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Types of Business

Types of Business



You incorporate your business in the state you conduct business in. If you live and work in Texas, for example, you would incorporate your business in Texas. If your business conducts business throughout the United States, you need to incorporate in the state where your headquarters will be. If you have a substantial business presence in another state, you may need to let that state know and file state tax returns or sales tax returns based on your business earnings in that other state. Businesses with substantial nationwide activity sometimes choose to be incorporated in Delaware or Nevada because of the business-friendly laws in those states. Even if you incorporate in Delaware or Nevada, you will still need to register your business in those states where you have an actual business location.

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The various forms of organization are established by state law. There are a wide variety of business organizations recognized by the states. For example, a popular form of organization is the Limited Liability Company (LLC). The LLC is a state designation. At the federal level, an LLC is taxed as a partnership. If the LLC so chooses, it can be taxed as a corporation at the federal level. While there are a variety of designations at the state level, for
federal tax purposes there are only 6 forms of business organizations:

•    Sole Proprietor (1040 Schedule C),
•    Corporation (1120),
•    Partnership (1065),
•    S-Corporation (1120S),
•    Trust (1041), and
•    Non-profit organization (990)




Sole Proprietors 

Sole Proprietors are unincorporated businesses. They are also called independent contractors, consultants, or freelancers. There are no forms you need to fill out to start this type of business. The only thing you need to do is report your business income and expenses on your Form 1040 Schedule C. This is the easiest form of business to set up, and the easiest to dissolve. (An LLC with only a single shareholder, a so-called single-member LLC, is taxed as a sole proprietor on a Schedule C.)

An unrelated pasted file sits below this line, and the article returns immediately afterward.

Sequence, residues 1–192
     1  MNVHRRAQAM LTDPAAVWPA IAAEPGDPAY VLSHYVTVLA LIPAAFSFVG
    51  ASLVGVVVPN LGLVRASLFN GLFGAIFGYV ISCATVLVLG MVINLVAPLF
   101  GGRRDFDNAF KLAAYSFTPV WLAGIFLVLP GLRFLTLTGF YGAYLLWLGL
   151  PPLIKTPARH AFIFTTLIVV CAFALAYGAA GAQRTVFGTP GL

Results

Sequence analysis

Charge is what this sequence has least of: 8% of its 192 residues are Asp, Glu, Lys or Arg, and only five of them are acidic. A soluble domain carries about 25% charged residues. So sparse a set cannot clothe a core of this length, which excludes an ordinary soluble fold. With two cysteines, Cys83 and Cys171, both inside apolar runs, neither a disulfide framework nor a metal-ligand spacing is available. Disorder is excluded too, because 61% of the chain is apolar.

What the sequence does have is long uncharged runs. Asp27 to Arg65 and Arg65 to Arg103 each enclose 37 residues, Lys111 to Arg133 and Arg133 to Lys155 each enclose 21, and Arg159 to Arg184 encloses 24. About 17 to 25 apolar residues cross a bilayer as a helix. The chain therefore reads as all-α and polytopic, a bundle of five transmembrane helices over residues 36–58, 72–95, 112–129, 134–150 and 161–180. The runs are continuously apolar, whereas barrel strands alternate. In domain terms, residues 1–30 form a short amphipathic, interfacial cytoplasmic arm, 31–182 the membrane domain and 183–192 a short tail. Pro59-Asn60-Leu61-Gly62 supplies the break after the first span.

Corporations 

Corporations are incorporated businesses. Every form of business besides the sole proprietor is considered a separate entity, and this often provides a measure of legal and financial protection for the shareholders. The shareholders of corporations have limited liability protection, and corporations have full discretion over the amount of profits they can distribute or retain. Corporations are presumed to be for-profit entities, and as such they can have an unlimited number of years with losses. Corporations must have at least one shareholder.




Partnerships

Partnership are unincorporated businesses. Like corporations, partnerships are separate entities from the shareholders. Unlike corporations, partnerships must have at lease one General Partner who assumes unlimited liability for the business. Partnerships must have at least two shareholders. Partnerships distribute all profits and losses to their shareholders without regard for any profits retained by the business for cash flow purposes. (LLCs are taxed as partnerships, unless they choose to be taxed as corporations.)





S-Corporations 

S-Corporations have features similar to a partnership. An S-corporation must have at least one shareholder, and cannot have more than 100 shareholders. If any shareholder provides services to the business, the S-Corp must pay that shareholder a reasonable salary. This salary is a separate payment from distributions of profits or losses.
Trusts are usually formed upon the death of an individual and are designed to provide continuity of the investments and business activities of the deceased individual. We will not discuss trusts further.




Nonprofits

Nonprofitsare corporations formed for a charitable, civic, or artistic purpose. Nonprofits are generally exempt from federal and state taxation on their income, and so they are often called "exempt organizations." Nonprofits have substantial responsibilities for reporting their activities, income, and assets to ensure that they are in compliance with federal and state laws governing charities. For additional information on starting, managing, and developing a not-for-profit organization, see the

As mentioned above, sole proprietors, S-corporations, and partnerships are taxed at the shareholder level. Corporations, however, are taxed at the corporate level.

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